A chile relleno and carnitas taco with black
beans at Jose, 2734 Douglas Ave., 274-0290.
Hours are 11 a.m. to 10 p.m., Monday through
Thursday, 11 a.m. to 11 p.m. Friday and Saturday,
and 11 a.m. to 9 p.m. on Sunday.
When restaurants cluster on a single street,
they usually share more similarities than diversity.
That’s probably because neighborhoods become
likeminded when it comes to dining choices.
Sometimes that’s simply ethnic. Our south side
hosted most of the Italian restaurants in town
both sides of World War II because that’s where
most Italians lived then. In the 1990s, the
best Mexican restaurants in town were all within
five blocks of each other on the east side for
a similar reason. More than other businesses,
restaurants tap a neighborhood’s peculiar collective
Beaver Avenue does not follow a straight course;
it meanders past the neatly manicured lawns
and mostly brick houses of Des Moines’ most
laid-back neighborhood. Restaurants on Beaver
cater to several generations of coolness. If
you needed to cast senior citizens for a golf
outing with Perry Como, or somewhat younger
generations for a Jimmy Buffet concert, just
peak in on the crowds at Christopher’s, Tally’s,
Chef’s, Farah’s, Goodson’s or Saints. The menus
at those places share far more similarities
than differences. Beaver Avenue is cool, but
it’s not experimental.
That street intersects Douglas Avenue in the
north end of Beaverdale though. Douglas Avenue
does not meander. It’s part of the old U.S.
Highway 6. Like most avenues of commerce, it
has developed into a hodgepodge of dissimilar
things. Its restaurants are the most eclectic
in town and the best-kept secrets — I have friends
who live in Beaverdale and have never been to
any of them. The Douglas Avenue food scene is
the “dark horse” to Beaver’s “sure thing.” Between
Merle Hay Road and Martin Luther King Parkway,
Douglas is home to the best sushi (Wasabi Chi),
the top north Indian (India Star) and the best
Iraqi (Babylon) restaurants in town, plus our
best Asian grocery store (Saigon). Douglas also
sprouted the area’s top Bosnian café (Saraj),
its first coal-grilled chicken house (Pollos
Rostizados), its original Burmese café (Simply
Asian), its most interesting bowling alley restaurant
(Trophy’s) and a soul food joint specializing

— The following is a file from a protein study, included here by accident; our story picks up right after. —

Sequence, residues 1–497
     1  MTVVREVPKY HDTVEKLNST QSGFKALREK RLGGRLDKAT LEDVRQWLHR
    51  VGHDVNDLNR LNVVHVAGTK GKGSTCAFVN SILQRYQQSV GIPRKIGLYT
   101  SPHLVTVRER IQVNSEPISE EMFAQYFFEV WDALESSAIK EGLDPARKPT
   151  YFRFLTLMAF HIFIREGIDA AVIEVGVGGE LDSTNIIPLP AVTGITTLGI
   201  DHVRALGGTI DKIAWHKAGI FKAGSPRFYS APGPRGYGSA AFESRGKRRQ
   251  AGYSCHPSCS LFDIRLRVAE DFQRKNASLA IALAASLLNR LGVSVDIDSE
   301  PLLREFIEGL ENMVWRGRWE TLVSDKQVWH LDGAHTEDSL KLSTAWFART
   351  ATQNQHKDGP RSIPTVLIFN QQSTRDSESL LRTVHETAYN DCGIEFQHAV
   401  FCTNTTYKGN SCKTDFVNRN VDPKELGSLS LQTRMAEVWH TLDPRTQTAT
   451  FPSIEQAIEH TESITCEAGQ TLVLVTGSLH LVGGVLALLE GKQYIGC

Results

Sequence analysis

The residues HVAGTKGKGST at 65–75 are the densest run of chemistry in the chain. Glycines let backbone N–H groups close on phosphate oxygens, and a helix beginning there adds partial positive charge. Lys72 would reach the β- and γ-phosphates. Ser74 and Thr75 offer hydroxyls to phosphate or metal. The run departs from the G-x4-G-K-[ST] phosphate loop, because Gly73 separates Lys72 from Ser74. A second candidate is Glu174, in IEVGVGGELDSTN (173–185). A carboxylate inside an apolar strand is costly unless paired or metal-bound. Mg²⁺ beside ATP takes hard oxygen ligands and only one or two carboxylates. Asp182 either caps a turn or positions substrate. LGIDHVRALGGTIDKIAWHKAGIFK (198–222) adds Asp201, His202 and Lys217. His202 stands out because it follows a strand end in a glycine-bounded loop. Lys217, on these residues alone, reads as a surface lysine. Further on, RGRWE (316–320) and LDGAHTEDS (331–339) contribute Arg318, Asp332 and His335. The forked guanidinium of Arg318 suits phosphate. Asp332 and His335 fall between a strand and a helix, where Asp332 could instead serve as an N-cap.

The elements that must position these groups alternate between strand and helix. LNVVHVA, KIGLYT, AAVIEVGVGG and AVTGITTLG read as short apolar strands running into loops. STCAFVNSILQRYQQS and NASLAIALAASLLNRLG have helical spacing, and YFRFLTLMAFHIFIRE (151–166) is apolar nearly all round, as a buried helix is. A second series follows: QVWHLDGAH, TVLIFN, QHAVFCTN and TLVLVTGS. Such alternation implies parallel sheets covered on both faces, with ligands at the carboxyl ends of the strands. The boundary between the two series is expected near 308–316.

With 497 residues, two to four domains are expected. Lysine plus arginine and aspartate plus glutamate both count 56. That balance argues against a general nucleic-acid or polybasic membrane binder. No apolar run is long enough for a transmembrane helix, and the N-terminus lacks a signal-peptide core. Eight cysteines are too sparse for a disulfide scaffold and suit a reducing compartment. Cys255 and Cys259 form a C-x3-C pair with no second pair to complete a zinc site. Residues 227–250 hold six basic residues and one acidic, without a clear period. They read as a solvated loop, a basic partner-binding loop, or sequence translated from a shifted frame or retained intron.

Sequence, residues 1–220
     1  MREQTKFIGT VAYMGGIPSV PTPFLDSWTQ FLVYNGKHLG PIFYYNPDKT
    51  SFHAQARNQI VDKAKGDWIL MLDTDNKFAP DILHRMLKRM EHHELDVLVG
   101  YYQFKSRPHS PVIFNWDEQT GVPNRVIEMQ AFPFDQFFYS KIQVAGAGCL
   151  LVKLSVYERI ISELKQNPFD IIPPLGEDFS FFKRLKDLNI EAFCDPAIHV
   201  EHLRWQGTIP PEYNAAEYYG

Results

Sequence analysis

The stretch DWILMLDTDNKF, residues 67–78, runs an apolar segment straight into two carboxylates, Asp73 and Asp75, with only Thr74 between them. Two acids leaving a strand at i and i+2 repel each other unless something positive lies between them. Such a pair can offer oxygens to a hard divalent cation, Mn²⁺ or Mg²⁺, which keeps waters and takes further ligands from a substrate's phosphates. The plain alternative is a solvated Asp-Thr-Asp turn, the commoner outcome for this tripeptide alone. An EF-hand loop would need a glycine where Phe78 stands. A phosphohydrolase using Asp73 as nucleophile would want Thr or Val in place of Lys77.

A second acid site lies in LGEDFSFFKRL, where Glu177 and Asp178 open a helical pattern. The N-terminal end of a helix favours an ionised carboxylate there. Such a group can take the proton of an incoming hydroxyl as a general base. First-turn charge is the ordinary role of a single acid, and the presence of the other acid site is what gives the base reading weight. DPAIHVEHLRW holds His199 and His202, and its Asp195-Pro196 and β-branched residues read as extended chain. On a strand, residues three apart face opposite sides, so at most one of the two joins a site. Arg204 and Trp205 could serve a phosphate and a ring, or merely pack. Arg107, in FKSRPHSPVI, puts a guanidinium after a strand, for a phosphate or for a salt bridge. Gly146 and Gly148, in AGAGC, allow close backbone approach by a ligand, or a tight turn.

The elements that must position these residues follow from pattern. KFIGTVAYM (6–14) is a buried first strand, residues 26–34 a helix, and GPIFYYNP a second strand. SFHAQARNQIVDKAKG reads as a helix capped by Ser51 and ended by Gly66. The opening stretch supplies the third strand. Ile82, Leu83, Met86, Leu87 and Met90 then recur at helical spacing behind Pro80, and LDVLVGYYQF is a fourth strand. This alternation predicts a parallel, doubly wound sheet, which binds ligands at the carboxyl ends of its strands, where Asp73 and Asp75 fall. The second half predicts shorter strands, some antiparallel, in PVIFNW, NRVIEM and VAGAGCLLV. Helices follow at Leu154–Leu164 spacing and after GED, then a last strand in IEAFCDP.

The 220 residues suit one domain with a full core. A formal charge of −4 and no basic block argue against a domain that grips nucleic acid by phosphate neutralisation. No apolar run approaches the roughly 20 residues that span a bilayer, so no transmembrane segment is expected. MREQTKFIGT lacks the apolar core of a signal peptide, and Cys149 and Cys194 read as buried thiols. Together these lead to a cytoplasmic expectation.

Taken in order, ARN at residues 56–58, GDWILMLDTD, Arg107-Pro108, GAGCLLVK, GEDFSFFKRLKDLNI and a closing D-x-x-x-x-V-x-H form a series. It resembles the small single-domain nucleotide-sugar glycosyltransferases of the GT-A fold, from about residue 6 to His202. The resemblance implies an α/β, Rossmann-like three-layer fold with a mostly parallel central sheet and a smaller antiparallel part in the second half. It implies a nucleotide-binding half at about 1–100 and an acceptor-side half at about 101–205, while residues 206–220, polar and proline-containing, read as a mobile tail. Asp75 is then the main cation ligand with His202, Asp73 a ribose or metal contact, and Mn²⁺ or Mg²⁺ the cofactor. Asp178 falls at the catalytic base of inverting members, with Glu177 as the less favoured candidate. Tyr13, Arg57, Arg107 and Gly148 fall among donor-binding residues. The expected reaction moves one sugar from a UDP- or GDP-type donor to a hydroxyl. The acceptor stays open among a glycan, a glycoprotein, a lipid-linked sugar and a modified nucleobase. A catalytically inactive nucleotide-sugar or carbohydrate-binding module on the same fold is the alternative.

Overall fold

in buffalo fish (Ray Earl’s).
Douglas’ newest restaurant is Jose. It describes
itself as a taqueria, but its menu and service
suggest Jose is being modest. In addition to
a wide choice of tacos and burritos (including
tongue, cheeks, tripe and stomach), they offered
20 traditional Mexican and a dozen seafood dinners.
Birria is made daily (with beef), menudo and
caldo de res on weekends. One orders at a counter,
but meals are served tableside. All my plates
were ceramic dinnerware, too, a big upgrade
from “taqueria” style. A condiment and salsa
bar, including pickled carrots and chilies,
ranked with the best in town.
While I found nothing new on the menu, I was
quite impressed with the execution of everything.
Tacos were made with El Maizal tortillas, a
company with considerable reputation in the
American South that uses an ancient Nixtamal
process (in which hard corn is soaked and cooked
for hours). Carnitas were crispy, cheeks unctuous,
and tripas flavorful without being chewy. Superb
chile rellenos delivered stem-on poblano peppers,
stuffed with Oaxacan cheese and covered in an
excellent salsa. Whipped egg whites in the batter
revealed that they were made from true scratch.
A side of black beans became a veritable bowl
of good soup for just $2. Ceviche was made with
dorado, a whitefish, and topped with generous
slices of avocado.
Bottom line — Jose adds to the marvelous charms
of Douglas Avenue, Des Moines’ best kept food
Nicolas Sarkozy banned both cheese and wine
from the French Presidential Palace. He then
lost his job in an upset vote. CV